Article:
Local organisations decide it’s website 2.0 time

Dunedin City Council and Simpl are very different organisations but the stories behind their website rebuild projects are remarkably similar

Local organisations are realising the state-of-the-art websites they developed in 1990s simply don’t cut it any more — it’s time for a web makeover.

New technologies and approaches to delivering content, such as blogging, and a need for improved content management systems (CMS) are two of the significant drivers behind this change, but so is a desire to really engage with customers and stakeholders in a way first-generation websites simply don’t allow.

Dunedin City Council and Auckland-based IT services company Simpl are very different organisations but the stories behind their website rebuild projects are remarkably similar.

Dunedin City’s general manager of customer service, Grant Strang, says the council’s old website was state-of-the-art, and even picked up several awards. However, the technology behind the site is now out-dated and there is no content management system in place either. The site, which had two million visits in the year to October 30, not only features information about council business, but also news, events, tourist information, weather updates, opinions and scenes from around the city. It is, effectively, the online face of Dunedin.

“Eighty percent of tourists come by road from Christchurch,” Strang explains. “The website is important for them.”

However, the site doesn’t meet the needs of people wanting to interact with the council, he says. The new website, currently being developed and expected to go live in February or March 2008, will allow transactions and also ensure they are actioned in a timely manner. Decisions regarding what transactions will be allowed online are presently being determined by what Strang describes as a “robust governance process”.

The new e-commerce platform and CMS will be standards-based and will also be consistent across the site.

Different types of activities have their own requirements, says Strang. For example, any consent process has to meet regulatory requirements and workflow has to be “best practice”.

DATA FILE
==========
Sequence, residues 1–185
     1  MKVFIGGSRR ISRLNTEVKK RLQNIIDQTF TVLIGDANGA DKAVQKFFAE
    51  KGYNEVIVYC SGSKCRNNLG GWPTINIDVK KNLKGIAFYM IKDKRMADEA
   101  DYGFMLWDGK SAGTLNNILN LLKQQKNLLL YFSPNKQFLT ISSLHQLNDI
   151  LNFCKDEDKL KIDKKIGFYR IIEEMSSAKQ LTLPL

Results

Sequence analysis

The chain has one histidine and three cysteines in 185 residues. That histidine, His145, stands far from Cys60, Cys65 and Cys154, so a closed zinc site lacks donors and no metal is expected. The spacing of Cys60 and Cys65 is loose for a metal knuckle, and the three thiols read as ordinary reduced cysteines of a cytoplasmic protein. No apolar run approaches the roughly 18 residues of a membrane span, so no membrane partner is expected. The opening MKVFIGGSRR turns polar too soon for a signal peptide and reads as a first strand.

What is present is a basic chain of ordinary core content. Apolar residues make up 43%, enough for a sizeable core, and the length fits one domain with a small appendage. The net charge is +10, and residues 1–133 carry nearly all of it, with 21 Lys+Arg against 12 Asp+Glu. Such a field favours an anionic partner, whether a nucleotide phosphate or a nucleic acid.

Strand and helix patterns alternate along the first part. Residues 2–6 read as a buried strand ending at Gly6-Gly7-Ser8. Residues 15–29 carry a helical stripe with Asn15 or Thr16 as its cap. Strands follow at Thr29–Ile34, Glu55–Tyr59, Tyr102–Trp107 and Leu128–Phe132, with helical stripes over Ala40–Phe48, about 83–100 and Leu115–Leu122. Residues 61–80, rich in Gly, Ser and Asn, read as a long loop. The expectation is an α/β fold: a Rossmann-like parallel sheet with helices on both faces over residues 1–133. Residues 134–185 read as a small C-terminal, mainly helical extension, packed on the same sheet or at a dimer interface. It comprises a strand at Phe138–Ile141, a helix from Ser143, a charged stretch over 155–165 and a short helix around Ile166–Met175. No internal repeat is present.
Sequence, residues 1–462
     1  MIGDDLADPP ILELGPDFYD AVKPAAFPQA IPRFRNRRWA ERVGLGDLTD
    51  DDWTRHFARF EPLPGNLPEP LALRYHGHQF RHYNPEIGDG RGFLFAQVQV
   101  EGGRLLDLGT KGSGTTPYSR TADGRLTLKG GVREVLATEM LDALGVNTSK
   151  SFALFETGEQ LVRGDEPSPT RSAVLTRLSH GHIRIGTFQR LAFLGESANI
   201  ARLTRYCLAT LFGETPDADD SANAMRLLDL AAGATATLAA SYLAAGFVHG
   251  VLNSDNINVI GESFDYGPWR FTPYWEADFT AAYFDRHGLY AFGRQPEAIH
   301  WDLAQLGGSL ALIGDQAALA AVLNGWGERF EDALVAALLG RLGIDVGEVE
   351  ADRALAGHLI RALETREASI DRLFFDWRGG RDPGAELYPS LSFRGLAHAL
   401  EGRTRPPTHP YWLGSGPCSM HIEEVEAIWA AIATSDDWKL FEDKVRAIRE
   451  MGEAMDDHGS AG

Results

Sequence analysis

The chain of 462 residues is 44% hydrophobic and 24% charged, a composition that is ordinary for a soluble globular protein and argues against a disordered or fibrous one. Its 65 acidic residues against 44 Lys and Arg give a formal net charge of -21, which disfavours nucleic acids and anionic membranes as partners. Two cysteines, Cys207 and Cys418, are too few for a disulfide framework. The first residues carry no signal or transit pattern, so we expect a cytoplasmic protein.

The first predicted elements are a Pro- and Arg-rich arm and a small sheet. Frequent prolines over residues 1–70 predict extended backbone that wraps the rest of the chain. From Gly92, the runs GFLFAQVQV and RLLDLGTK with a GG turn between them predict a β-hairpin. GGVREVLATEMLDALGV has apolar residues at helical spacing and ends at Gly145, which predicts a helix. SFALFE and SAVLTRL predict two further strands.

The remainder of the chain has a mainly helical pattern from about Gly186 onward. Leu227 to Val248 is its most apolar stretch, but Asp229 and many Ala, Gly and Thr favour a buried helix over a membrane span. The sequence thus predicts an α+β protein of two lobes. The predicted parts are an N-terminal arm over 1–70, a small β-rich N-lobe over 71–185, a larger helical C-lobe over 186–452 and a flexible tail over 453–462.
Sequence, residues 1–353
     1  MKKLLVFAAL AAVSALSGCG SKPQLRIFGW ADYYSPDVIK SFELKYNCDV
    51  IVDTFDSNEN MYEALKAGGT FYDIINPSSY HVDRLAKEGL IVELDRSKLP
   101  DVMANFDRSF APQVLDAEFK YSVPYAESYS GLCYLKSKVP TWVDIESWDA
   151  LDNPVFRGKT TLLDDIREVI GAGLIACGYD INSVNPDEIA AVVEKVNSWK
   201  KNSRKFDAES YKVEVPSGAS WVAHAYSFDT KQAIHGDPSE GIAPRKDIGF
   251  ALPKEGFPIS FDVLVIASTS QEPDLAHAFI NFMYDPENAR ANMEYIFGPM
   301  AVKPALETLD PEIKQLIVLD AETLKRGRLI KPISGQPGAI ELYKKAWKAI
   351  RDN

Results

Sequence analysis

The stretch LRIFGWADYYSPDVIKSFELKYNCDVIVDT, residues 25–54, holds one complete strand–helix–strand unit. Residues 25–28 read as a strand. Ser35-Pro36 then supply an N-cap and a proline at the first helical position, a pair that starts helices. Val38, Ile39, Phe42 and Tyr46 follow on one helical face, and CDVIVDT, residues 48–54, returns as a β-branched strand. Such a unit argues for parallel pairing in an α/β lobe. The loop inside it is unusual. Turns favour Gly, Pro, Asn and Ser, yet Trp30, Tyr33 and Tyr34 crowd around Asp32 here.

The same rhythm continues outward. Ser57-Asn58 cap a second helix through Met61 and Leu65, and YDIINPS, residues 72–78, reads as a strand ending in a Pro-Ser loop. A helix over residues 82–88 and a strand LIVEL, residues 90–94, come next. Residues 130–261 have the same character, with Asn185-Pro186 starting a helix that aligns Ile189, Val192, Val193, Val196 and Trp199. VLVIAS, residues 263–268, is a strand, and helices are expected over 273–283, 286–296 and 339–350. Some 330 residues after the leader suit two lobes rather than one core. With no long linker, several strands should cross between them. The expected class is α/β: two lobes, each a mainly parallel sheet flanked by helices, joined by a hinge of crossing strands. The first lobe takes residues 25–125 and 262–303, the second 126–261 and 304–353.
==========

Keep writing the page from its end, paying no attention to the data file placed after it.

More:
“We are not going to be early adopters,” says Strang. “We’ll look at what others are doing and [then] decide what to do online.”

Strang says the project, being led by the Dunedin's knowledge centre manager Will Croft, is about putting the customer first. It’s about meeting the customer’s needs in a new way — Strang’s mandate is to connect technology to the customer in a way the city has not previously done.

The parts of the business that involve transacting with customers are, therefore, at the forefront of the discussion about what content will populate the site.

“It’s never been about technology, really,” says Strang. “That underlies everything, but it’s about making some 41 business units, each with their own interactions with customers, deliver a 24/7 website and response.”

He says that having such a dynamic transactional site presents obligations and responsibilities.

Issues with navigation and search the current site are also being addressed as part of the project. Content has to be looked at too. Strang says it “goes back to the 1990s without any version control”.

Strang says there are still decisions to be made regarding architectures, but so-called Web 2.0 features such as forums and blogs are being looked at.

Strang is also concerned the new site should reflect best practice when it comes to interoperability. He sits on the State Services Commission’s eGIF committee, which sets interoperability standards for government.

Perhaps surprisingly, the issues facing the Simpl Group, which quietly launched its new web presence last week, are remarkably similar to those Dunedin faces. Chief executive Bennett Medary says the old site was “overcrowded”. Layers and layers of information had accumulated over time, so the site was not focused on where the business is going, but on where it has been.

About 80% of the content of the old site has been removed, as part of the three-month rebuild. As with Dunedin, there was also a need to update technology and deliver a modern content management system.

As part of the revamp, Medary is about to join the likes of Rod Drury of Xero and Fronde’s Jim Donovan in fronting a chief executive’s blog. He says it will be a platform to communicate with a broad audience and not dependent on the delivery of speeches over lunch. In some respects, it will be better than personal communications, as it will allow people to conduct a dialogue.

“Blogging encourages an easy and rapid interchange,” Medary says. “It allows ideas to mature and find their place in the world.”

That said, Medary is up-front that he is behind some others in taking up blogging and will have to learn how to do so effectively. He also warns that putting up a blog creates a commitment to engage and to speak from the “heart and mind”.

The new site will be more conversational, he says, allowing Simpl to interact and communicate with communities of interest.

“We want it to be dynamic, collaborative and engaging,” he says. The site will evolve, after it has been launched, to deliver content that is “leaner, cleaner and fresher”.

Simpl’s website makeover was part of an almost total refresh of the company’s IT systems. Virtualisation was put in place, using Microsoft technology on IBM hardware, at the same time as the website project was undertaken. NZ-developed Sonar6 is being used for talent management and software-as-a-service systems for sales/CRM (Salesforce.com) and professional services automation.

“Apart from the general ledger, we’ve refreshed the entire business in the last four months,” says Medary.

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Tags dunedin city councilDevelopment IDsimplWeb 2.0blogging

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